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Reasonable Faith

Written by: on November 14, 2014

Aquinas

Once in a while you meet a student who is head and shoulders above the rest, not necessarily in academic skills but in maturity level. I have such a student this semester. His name is John (not his real name). His father is the pastor of a small, quite conservative, Evangelical church. John loves the Lord. But he is learning some new things in college and is now asking some questions that his father is uncomfortable with. He is afraid that John might be abandoning the faith because of his questions and doubts. What John is doing, however, is healthy and normal. He is learning how to think and is beginning the process of individuation, which all of us go through to some extent. I love meeting with John; we have begun a weekly routine of chatting together and discussing matters of faith and ethics. In fact, we are meeting today.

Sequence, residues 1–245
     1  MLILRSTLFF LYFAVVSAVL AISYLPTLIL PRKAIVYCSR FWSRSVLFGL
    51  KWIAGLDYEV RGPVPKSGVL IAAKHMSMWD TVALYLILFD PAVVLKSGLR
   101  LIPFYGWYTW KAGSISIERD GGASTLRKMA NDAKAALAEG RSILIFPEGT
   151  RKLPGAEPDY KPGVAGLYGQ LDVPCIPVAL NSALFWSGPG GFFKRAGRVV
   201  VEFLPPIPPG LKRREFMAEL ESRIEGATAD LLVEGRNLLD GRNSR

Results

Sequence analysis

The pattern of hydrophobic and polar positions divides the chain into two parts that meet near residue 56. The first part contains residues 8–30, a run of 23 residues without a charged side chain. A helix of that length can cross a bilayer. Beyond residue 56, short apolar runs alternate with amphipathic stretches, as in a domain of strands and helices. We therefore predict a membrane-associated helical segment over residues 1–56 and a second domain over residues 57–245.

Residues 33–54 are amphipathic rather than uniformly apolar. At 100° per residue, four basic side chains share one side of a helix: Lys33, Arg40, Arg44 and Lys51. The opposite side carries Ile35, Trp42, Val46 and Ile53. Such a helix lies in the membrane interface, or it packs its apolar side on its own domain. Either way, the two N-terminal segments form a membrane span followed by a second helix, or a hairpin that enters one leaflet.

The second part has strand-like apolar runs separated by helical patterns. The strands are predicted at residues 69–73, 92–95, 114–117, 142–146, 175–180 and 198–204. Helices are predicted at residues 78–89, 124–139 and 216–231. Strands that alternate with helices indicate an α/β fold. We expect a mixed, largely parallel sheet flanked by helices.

In our text for this week’s reading, The Matrix of Christian Ethics: Integrating Philosophy and Moral Theology in a Postmodern Context[1], Patrick Nullens and Ronald T. Michener attempt to trace and revive the heart of Christian ethics in a world that is often resistant to such matters. Suffice it to say that there have been many views on this subject throughout the history of Western Civilization (which is the emphasis of this book) and many different views among contemporary philosophers and theologians. The authors do a thorough job of expounding on their subject, including chapters on Consequential Ethics (Chapter 3), Principle Ethics (Chapter 4), Character Ethics (Chapter 5), and Value Ethics (Chapter 6). Frankly, I found these sections to be good, but dry – until I came to the section on Thomas Aquinas. Since Thomas Aquinas is one of my heroes of faith, I found this particular section most interesting. The reason I have loved Aquinas for years is that he has given me permission to think, to reason, to ask questions, and even to doubt. In essence, Aquinas allowed faith and reason to coexist. For me, this was revolutionary in my faith journey. Like John, I finally had the guts to disagree with my strongly conservative, fundamentalist father. But unlike John, my journey did not begin until my mid-thirties.